Literary travels are incredibly attractive to me. What was the author looking at, how did a place influence his vision and story development? I was always curious about this story-place connection. A new book called The New York Times: Footsteps explore this in a delightful collection of essays that were originally featured in The New York Times travel section.
The essays touch almost every corner of the world- Americas, Europe, Middle East and South East Asia. Some places I would never associated with a particular author (such as Mark Twain and Hawaii, probably for me having a limited knowledge of his works). I loved essay on Mary Oliver, exploring Prince Edward Island with L.M. Montgomery was another favorite. Those two I went after first. It was fascinating to read about Rimbaud in Ethiopia and I particularly enjoyed a peak at Carroll/Dodgson’s Oxford. I am slowly working through this book, savoring each little essay and possibly making travel plans of my own. I am not reading it in any particular order, focusing for now on beloved works and making a list of those I haven’t got a chance to read yet.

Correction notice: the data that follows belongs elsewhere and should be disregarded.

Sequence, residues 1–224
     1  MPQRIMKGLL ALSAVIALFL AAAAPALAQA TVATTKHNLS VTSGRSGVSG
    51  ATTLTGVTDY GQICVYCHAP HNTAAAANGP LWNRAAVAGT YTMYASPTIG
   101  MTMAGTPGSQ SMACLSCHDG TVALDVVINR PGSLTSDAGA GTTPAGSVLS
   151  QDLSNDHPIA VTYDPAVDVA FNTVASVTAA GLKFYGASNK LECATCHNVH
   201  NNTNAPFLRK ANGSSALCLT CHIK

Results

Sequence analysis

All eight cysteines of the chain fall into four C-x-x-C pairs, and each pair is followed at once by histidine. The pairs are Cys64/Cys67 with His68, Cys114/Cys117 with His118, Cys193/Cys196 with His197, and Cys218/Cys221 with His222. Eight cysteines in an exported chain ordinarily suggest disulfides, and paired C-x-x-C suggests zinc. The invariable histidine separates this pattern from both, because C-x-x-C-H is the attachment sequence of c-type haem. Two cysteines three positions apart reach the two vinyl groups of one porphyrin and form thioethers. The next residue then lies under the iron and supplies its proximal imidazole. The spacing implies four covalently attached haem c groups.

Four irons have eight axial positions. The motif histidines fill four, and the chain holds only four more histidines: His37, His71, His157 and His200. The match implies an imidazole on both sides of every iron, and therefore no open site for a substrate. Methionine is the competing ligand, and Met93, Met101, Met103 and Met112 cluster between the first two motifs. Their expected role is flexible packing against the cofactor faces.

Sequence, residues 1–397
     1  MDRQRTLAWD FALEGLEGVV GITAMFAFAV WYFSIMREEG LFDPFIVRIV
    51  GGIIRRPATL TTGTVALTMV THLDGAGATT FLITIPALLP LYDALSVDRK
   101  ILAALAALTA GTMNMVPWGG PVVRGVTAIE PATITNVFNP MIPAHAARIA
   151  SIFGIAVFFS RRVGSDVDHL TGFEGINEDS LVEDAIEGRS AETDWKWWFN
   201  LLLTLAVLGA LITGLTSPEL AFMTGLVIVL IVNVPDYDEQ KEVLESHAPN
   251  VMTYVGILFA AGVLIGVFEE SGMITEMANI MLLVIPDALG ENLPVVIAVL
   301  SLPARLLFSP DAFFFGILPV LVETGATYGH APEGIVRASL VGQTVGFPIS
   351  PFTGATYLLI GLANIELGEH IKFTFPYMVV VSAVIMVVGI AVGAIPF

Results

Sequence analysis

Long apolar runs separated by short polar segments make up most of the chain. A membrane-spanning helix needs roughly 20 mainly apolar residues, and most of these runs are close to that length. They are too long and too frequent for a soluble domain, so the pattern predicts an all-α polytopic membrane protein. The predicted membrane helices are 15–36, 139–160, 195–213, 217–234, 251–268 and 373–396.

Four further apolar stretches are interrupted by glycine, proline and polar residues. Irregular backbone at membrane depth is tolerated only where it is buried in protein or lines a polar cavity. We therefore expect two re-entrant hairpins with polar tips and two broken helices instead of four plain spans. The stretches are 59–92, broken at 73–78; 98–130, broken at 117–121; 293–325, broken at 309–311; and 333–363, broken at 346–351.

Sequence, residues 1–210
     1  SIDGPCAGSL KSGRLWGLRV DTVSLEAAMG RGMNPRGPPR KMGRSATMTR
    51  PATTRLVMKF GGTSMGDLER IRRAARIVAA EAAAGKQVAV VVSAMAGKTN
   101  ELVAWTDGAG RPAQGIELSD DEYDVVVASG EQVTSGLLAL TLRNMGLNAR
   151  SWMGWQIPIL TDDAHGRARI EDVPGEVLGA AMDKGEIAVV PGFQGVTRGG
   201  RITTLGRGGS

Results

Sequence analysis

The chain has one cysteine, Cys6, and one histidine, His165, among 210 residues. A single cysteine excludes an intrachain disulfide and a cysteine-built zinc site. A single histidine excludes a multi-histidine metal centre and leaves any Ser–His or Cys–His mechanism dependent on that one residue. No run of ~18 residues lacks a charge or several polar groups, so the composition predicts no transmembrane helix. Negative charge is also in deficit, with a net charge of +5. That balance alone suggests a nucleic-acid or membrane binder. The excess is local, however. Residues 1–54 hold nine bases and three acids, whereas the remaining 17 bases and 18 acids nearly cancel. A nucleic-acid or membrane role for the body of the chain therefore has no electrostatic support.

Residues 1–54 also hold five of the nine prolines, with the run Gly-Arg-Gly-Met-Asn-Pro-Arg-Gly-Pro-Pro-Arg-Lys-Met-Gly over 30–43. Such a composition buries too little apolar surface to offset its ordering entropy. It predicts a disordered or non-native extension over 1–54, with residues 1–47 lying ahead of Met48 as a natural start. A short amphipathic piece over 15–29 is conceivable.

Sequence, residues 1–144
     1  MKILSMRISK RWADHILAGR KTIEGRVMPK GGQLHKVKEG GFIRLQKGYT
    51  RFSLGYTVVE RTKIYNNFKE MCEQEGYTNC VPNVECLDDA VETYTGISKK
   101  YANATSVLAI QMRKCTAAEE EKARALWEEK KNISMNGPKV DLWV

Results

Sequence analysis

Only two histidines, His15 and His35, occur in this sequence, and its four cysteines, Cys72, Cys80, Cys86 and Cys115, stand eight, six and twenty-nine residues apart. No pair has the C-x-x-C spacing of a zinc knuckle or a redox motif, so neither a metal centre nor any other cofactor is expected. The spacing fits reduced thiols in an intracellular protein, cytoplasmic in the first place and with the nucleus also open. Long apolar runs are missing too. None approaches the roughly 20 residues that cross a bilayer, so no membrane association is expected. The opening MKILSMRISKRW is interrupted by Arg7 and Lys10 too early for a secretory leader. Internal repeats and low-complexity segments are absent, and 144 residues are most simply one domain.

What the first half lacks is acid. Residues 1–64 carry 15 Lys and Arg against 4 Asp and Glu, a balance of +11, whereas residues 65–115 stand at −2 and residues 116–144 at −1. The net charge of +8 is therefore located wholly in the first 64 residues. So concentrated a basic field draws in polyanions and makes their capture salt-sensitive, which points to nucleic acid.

I enjoy this book so far, it is very interesting to see the place through a personal connection of an essay’s author and still imagining what it must have looked like to a book author at the time. I wonder if I can make at least few of these trips myself. Interestingly enough I imagined this book as a sort of a tourist guide originally, but I am glad it turned out to be almost diary-like experience. 5 stars.
I received this book via Blogging for Books in exchange for a fair and unbiased review.